UN council to discuss possible Gaza session

Members of the UN Security Council will discuss a request for a session on claims that war crimes were committed during last winter's Israel-Hamas conflict in Gaza.

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UNITED NATIONS // The president of the UN Security Council said members will meet today to discuss Libya's request for an emergency session on a report that claimed war crimes were committed during last winter's Israel-Hamas conflict in Gaza. The Vietnam ambassador Le Luong Minh, who holds the council presidency this month, said he set closed-door talks after receiving a request from Libya, the only Arab member on the 15-nation council.

The Palestinian UN Mission issued a press release that said it affirmed "full support for the Libyan request" for an emergency meeting on the report on the December 27 to January 18 conflict in Gaza written by legal experts and chaired by the eminent South African jurist Richard Goldstone. The Libyan move and Palestinian support surprised some council members because less than a week ago - on October 1 - the UN Human Rights Council, which commissioned the report, delayed a vote on a resolution to refer the report to the UN General Assembly at the Palestinians request.

The vote would move the issue one step closer to possible prosecutions, but it was delayed at least until March. The Palestinian president Mahmoud Abbas, under intense pressure from the militant group Hamas which controls Gaza for agreeing to suspend efforts to go after Israel for alleged war crimes in Gaza, appears to have agreed to try to put the Goldstone report on the Security Council agenda. Whether the Libyans and Palestinians succeed remains to be seen.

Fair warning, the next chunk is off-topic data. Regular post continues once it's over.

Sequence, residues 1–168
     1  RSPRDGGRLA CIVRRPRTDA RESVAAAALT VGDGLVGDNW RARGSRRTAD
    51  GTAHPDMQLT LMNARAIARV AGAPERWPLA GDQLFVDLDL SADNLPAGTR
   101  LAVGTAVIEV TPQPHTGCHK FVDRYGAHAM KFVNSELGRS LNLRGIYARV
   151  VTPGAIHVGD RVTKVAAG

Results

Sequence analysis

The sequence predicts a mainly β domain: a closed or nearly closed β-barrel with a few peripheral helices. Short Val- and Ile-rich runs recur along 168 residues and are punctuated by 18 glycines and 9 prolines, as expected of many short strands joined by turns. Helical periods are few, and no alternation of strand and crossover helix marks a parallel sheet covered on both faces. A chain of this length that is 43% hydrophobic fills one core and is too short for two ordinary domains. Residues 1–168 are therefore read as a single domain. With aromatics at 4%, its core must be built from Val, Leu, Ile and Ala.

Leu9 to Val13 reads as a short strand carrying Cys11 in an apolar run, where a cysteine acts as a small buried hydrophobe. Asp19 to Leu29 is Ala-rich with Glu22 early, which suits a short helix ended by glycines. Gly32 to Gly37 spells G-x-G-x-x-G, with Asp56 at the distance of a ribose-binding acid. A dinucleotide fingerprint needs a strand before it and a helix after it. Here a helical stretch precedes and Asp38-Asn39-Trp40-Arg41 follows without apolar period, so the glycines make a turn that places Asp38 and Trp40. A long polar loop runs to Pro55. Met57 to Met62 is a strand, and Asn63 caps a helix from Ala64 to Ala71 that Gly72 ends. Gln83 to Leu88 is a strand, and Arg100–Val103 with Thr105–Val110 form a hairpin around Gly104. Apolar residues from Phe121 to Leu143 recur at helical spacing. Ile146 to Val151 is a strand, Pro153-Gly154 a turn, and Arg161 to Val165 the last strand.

The United States, Israel's closest ally, lobbied intensely in the Human Rights Council to delay action on the report, and it is expected to argue in the Security Council that the UN's most powerful body should not take up the 575-page document until the Geneva-based human rights body considers it. The Goldstone report accused Israel of using disproportionate force and failing to protect civilians while calling Hamas' firing of rockets at civilian areas in southern Israel a war crime.

It recommended that the Security Council require both sides to carry out credible investigations into alleged abuses during the conflict - in which 13 Israelis and almost 1,400 Palestinians, including hundreds of civilians, were killed. Israel has vehemently rejected the war crimes allegations. The US has called the report deeply flawed and said it disagrees with many of its assessments. The Palestinian Observer Mission said it would work "diligently with the Arab Group and all other political groups inside and outside of the Security Council to ensure that this important [Security Council] meeting is convened to address this extremely serious issue".

Mr Goldstone told the Human Rights Council late last month that investigators were driven by a desire to hold accountable those on both sides who harmed civilians. He said failure to do so would undermine the Israeli-Palestinian peace process. *AP